FDG–PET can distinguish inflamed from non-inflamed plaque in an animal model of atherosclerosis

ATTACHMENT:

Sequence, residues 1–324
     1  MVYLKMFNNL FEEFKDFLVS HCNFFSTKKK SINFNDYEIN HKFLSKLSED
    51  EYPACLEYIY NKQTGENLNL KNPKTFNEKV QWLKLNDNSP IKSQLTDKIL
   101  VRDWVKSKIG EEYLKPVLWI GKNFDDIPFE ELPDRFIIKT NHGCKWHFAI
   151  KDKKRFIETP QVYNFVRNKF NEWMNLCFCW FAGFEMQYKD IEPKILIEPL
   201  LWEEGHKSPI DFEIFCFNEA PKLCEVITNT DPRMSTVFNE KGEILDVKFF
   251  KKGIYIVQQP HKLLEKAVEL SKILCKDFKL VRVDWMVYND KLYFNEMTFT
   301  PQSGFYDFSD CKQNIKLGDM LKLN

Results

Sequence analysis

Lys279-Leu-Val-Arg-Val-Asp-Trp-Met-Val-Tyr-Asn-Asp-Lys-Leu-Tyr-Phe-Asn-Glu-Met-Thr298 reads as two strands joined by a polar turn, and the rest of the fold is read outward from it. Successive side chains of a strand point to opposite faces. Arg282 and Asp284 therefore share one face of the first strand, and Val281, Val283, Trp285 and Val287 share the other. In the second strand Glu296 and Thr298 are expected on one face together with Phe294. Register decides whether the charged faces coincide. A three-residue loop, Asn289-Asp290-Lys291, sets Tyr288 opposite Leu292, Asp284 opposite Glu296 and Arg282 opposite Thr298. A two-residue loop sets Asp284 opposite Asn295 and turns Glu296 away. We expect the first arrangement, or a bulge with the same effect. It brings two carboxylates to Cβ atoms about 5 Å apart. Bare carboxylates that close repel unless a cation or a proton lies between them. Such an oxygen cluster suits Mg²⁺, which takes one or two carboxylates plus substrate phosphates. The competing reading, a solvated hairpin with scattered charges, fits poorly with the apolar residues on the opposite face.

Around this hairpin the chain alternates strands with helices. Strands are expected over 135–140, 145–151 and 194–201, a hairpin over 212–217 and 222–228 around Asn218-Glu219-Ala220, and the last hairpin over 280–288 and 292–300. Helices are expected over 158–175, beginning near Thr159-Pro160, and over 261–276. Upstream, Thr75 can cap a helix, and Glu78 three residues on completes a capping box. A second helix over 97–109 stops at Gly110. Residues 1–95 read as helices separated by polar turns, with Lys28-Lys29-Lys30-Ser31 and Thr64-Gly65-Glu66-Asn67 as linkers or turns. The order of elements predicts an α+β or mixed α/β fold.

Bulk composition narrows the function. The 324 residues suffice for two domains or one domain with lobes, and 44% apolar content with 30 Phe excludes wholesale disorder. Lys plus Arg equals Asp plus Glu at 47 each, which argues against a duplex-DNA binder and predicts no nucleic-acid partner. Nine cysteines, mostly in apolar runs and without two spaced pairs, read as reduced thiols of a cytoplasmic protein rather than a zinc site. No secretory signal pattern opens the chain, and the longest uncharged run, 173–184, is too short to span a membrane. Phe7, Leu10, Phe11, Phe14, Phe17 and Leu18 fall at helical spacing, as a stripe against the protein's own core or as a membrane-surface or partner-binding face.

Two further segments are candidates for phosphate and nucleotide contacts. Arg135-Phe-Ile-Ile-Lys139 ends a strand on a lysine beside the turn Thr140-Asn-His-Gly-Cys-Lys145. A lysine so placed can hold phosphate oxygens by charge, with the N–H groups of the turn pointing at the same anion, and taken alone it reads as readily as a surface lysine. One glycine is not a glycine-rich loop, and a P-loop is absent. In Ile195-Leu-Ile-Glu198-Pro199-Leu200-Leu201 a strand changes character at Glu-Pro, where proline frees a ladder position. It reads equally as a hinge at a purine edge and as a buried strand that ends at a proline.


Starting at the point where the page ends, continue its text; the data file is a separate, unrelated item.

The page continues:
BACKGROUND Fluorine 18 fluorodeoxyglucose (FDG) has been shown to accumulate in inflamed tissues. However, it is not known whether vascular inflammation can be measured noninvasively. The aim of this study was to test the hypothesis that vascular inflammation can be measured noninvasively by use of positron emission tomography (PET) with FDG. METHODS AND RESULTS Inflamed atherosclerotic lesions were induced in 9 male New Zealand white rabbits via balloon injury of the aortoiliac arterial segment and exposure to a high cholesterol diet. Ten rabbits fed standard chow served as controls. Three to six months after balloon injury, the rabbits were injected with FDG (1 mCi/kg), after which aortic uptake of FDG was assessed (3 hours after injection). Biodistribution of FDG activity within aortic segments was obtained by use of standard well gamma counting. FDG uptake was also determined noninvasively in a subset of 6 live atherosclerotic rabbits and 5 normal rabbits, via PET imaging and measurement of standardized uptake values over the abdominal aorta. Plaque macrophage density and smooth muscle cell density were determined by planimetric analysis of RAM-11 and smooth muscle actin staining, respectively. Biodistribution of FDG within nontarget organs was similar between atherosclerotic and control rabbits. However, well counter measurements of FDG uptake were significantly higher within atherosclerotic aortas compared with control aortas (P < .001). Within the upper abdominal aorta of the atherosclerotic group (area of greatest plaque formation), there was an approximately 19-fold increase in FDG uptake compared with controls (108.9 +/- 55.6 percent injected dose [%ID]/g x 10(3) vs 5.7 +/- 1.2 %ID/g x 10(3) [mean +/- SEM], P < .001). In parallel with these findings, FDG uptake, as determined by PET, was higher in atherosclerotic aortas (standardized uptake value for atherosclerotic aortas vs control aortas, 0.68 +/- 0.06 vs 0.13 +/- 0.01; P < .001). Moreover, macrophage density, assessed histologically, correlated with noninvasive (PET) measurements of FDG uptake (r = 0.93, P < .0001). In contrast to this finding, FDG uptake did not correlate with either aortic wall thickness or smooth muscle cell staining of the specimens. CONCLUSION These data show that FDG accumulates in macrophage-rich atherosclerotic plaques and demonstrate that vascular macrophage activity can be quantified noninvasively with FDG-PET. As such, measurement of vascular FDG uptake with PET holds promise for the noninvasive characterization of vascular inflammation.